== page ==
If you are like me, when you think of enrichment you think of puzzle toys and putting your dog’s food in these
brain teasing toys. While that can be a small part of enrichment, it is just that – a very small part.
Enrichment is defined as those physical, mental, and social activities that a dog does to meet their basic needs.
And let’s face it, if basic needs are not being met that is when we see behavior issues. I believe that we need to
meet a dog’s basic needs before starting on a training plan.
For example, if a dog is in pain from arthritis this could be causing him to lash out and that looks like aggression.
In truth the dog is simply saying, “I hurt.” Another example is if a dog has no space to learn to be calm. Dogs,
especially anxious or stressed dogs, need to learn how to be calm. Otherwise, they cannot learn. I call this being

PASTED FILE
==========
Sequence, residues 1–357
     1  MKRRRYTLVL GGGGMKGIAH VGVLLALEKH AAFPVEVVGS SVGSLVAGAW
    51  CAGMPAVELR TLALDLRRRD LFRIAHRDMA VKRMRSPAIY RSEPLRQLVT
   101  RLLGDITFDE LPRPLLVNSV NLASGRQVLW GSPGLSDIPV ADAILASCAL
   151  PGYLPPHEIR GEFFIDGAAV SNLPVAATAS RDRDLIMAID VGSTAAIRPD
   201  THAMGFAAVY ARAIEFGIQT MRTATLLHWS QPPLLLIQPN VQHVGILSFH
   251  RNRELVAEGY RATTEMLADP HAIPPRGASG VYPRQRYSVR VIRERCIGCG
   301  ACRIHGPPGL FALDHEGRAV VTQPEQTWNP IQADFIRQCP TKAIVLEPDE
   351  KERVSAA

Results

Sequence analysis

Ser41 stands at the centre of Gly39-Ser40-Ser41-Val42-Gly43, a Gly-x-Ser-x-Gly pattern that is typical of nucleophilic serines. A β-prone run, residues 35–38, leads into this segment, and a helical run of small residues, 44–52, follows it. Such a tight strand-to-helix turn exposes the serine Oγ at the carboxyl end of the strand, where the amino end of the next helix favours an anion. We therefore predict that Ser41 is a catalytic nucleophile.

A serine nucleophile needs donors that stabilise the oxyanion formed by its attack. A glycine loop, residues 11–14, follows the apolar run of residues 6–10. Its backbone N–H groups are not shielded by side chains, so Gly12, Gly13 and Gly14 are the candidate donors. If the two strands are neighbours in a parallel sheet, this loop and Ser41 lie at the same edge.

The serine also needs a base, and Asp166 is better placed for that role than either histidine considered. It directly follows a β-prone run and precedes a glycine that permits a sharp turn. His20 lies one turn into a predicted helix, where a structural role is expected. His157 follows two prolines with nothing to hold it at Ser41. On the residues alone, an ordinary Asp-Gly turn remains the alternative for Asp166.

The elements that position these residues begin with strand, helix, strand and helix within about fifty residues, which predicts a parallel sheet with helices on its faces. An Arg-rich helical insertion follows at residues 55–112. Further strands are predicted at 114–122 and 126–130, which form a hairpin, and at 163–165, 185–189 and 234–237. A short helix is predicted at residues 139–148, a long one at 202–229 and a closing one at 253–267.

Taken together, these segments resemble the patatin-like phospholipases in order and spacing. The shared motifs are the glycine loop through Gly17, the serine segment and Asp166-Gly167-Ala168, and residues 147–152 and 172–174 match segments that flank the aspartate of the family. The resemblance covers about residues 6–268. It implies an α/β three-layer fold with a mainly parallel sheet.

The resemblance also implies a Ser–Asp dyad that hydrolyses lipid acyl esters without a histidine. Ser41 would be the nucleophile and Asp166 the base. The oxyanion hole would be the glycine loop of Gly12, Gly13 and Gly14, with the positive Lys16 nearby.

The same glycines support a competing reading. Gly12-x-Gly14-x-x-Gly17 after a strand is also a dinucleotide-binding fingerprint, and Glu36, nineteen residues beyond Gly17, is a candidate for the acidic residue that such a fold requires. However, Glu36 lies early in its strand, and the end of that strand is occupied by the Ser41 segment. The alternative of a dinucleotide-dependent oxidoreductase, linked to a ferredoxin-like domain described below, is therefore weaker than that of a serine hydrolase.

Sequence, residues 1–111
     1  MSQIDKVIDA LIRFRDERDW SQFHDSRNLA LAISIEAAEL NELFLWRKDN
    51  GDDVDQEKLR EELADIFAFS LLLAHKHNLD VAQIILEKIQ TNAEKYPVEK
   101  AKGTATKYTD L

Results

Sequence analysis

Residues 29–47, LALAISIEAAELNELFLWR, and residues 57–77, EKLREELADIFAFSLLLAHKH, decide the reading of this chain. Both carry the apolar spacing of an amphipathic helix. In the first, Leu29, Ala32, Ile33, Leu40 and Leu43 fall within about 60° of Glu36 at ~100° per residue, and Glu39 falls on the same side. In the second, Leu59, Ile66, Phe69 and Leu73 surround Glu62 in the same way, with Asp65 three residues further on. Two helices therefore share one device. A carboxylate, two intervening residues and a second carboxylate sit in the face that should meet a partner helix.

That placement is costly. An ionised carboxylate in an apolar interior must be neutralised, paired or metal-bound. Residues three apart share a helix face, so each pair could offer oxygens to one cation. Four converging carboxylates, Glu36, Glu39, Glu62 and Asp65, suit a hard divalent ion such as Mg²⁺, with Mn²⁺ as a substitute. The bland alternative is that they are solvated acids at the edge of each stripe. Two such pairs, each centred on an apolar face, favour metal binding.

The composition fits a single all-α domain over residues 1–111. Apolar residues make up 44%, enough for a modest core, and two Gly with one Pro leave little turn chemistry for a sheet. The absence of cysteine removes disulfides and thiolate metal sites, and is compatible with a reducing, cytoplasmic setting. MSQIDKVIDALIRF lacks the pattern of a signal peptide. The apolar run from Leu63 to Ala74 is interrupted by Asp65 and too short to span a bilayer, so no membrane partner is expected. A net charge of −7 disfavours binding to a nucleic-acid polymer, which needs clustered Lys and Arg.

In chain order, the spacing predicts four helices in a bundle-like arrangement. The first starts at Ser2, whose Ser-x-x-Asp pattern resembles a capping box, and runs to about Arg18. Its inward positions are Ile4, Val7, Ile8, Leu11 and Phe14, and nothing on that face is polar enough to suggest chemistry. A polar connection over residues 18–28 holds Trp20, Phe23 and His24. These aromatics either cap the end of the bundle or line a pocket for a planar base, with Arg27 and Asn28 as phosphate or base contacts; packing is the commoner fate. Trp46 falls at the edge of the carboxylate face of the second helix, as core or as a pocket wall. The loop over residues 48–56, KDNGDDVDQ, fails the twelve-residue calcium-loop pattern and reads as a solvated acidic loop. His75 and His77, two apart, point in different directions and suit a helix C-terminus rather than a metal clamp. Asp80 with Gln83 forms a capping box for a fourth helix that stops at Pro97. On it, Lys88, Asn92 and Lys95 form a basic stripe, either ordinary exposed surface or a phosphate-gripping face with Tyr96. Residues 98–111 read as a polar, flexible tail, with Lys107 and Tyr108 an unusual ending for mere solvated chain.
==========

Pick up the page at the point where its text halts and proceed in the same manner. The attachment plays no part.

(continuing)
outside of the think and learn zone.
Allie Bender and Emily Strong wrote an informative book on enrichment titled
Canine Enrichment for the Real World.
You can find supplemental materials about their book and philosophy on PetHarmony.com. It is worth noting that
there is no secret sauce here. The categories that they suggest you focus on with your dog are filling those basic
We will break down a few parts of an enrichment plan in other blogs.